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Wednesday, 6 December 2017
Page: 9833


Senator CAMERON (New South Wales) (12:06): So, basically, we'll move from a tribunal with an administrative review process to a private body that can make a decision, and the only redress someone has if that decision is, in their view, not appropriate is to go to the Federal Court. I would state that the bulk of Australian families in the superannuation system have very modest superannuation accounts and modest means. For them to have the Federal Court as the only avenue of redress—which means expensive lawyers, litigation and thousands of dollars a day—is clearly a step backwards in the context of the existing tribunal.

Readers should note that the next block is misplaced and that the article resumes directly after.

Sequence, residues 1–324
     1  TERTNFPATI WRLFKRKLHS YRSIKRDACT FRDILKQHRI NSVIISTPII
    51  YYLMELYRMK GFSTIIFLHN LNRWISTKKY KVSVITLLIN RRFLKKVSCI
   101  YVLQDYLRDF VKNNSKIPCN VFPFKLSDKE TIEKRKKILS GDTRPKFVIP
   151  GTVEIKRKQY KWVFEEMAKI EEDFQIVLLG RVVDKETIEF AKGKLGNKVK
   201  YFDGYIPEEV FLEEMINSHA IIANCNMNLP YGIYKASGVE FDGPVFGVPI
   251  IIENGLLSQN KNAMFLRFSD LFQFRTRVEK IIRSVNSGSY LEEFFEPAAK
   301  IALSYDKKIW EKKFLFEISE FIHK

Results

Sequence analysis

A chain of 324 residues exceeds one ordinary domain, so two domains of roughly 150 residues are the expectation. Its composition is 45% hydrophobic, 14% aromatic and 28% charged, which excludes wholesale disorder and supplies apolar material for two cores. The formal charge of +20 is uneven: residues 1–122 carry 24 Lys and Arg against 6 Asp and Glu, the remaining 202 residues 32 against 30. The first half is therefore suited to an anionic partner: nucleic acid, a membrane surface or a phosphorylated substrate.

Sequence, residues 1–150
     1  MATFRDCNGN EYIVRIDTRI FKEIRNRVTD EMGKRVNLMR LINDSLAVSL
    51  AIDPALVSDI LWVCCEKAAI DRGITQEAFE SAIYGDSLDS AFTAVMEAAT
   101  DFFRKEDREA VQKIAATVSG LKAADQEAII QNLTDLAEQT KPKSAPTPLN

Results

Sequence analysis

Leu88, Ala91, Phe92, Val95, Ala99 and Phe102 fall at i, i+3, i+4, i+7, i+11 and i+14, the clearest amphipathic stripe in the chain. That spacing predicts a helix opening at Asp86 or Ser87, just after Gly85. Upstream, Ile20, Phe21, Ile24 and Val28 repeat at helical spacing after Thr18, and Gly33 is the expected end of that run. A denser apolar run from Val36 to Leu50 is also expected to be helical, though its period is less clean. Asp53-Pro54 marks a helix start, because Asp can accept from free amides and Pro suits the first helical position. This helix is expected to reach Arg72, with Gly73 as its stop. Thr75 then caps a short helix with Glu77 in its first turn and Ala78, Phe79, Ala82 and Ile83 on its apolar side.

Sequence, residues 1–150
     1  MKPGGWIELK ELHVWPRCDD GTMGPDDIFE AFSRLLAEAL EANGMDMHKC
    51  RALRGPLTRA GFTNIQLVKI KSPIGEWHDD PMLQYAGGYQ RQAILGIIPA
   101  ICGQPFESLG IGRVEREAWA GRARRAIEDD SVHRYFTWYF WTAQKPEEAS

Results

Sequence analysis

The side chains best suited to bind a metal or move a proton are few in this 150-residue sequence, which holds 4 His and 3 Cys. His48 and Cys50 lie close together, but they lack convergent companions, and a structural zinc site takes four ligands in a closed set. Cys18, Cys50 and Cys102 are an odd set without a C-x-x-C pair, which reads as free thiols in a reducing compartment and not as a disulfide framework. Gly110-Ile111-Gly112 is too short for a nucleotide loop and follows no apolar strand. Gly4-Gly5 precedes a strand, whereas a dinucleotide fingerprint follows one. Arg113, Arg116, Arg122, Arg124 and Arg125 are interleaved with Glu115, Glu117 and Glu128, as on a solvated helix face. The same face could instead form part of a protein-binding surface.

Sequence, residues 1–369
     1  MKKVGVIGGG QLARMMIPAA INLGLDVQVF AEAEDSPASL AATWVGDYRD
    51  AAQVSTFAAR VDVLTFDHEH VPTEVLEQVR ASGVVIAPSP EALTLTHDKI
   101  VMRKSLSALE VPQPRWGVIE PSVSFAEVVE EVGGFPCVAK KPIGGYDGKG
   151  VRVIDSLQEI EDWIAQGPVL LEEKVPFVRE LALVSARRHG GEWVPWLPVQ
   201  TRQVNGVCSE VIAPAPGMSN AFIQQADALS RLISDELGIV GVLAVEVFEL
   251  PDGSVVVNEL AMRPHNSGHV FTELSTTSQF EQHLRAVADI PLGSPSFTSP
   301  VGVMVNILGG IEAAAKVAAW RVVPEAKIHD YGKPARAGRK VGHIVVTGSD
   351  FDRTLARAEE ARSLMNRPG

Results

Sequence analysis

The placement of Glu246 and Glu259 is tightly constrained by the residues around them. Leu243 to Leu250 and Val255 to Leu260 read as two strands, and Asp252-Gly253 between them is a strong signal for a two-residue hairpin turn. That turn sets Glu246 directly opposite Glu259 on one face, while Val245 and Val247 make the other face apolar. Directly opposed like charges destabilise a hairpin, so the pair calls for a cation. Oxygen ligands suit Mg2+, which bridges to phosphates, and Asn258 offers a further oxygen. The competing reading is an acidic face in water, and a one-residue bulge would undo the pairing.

This is one of the key issues for us in the context of ensuring that we have dispute resolution appeal processes that are not only efficient but also cost-effective. For this government to simply push an individual to the Federal Court, with the associated costs relating to a Federal Court hearing, is, I think, an absolute disgrace. For all the rhetoric that we had from the minister about efficiency and getting consistency, I think this is a backwards step. So, Minister, can you just outline what the process of appeal to the Federal Court includes?